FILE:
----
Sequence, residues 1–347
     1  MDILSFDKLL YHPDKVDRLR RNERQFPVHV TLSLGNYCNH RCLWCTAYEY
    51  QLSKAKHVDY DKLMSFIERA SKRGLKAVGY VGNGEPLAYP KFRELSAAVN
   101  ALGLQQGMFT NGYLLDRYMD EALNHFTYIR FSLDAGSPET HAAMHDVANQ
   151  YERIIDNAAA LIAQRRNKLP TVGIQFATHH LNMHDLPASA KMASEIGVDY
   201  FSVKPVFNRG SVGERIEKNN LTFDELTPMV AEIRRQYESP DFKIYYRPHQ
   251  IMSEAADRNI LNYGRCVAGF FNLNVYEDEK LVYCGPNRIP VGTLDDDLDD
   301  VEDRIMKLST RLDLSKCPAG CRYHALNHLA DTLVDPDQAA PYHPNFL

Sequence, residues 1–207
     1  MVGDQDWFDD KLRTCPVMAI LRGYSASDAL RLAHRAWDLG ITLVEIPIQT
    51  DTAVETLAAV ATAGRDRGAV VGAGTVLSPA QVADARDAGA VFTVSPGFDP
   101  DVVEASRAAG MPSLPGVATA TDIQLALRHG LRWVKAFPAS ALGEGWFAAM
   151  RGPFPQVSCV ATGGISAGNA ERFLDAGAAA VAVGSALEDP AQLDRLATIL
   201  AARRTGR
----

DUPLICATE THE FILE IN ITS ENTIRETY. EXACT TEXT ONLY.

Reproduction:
Sequence, residues 1–347
     1  MDILSFDKLL YHPDKVDRLR RNERQFPVHV TLSLGNYCNH RCLWCTAYEY
    51  QLSKAKHVDY DKLMSFIERA SKRGLKAVGY VGNGEPLAYP KFRELSAAVN
   101  ALGLQQGMFT NGYLLDRYMD EALNHFTYIR FSLDAGSPET HAAMHDVANQ
   151  YERIIDNAAA LIAQRRNKLP TVGIQFATHH LNMHDLPASA KMASEIGVDY
   201  FSVKPVFNRG SVGERIEKNN LTFDELTPMV AEIRRQYESP DFKIYYRPHQ
   251  IMSEAADRNI LNYGRCVAGF FNLNVYEDEK LVYCGPNRIP VGTLDDDLDD
   301  VEDRIMKLST RLDLSKCPAG CRYHALNHLA DTLVDPDQAA PYHPNFL

Sequence, residues 1–207
     1  MVGDQDWFDD KLRTCPVMAI LRGYSASDAL RLAHRAWDLG ITLVEIPIQT
    51  DTAVETLAAV ATAGRDRGAV VGAGTVLSPA QVADARDAGA VFTVSPGFDP
   101  DVVEASRAAG MPSLPGVATA TDIQLALRHG LRWVKAFPAS ALGEGWFAAM
   151  RGPFPQVSCV ATGGISAGNA ERFLDAGAAA VAVGSALEDP AQLDRLATIL
   201  AARRTGR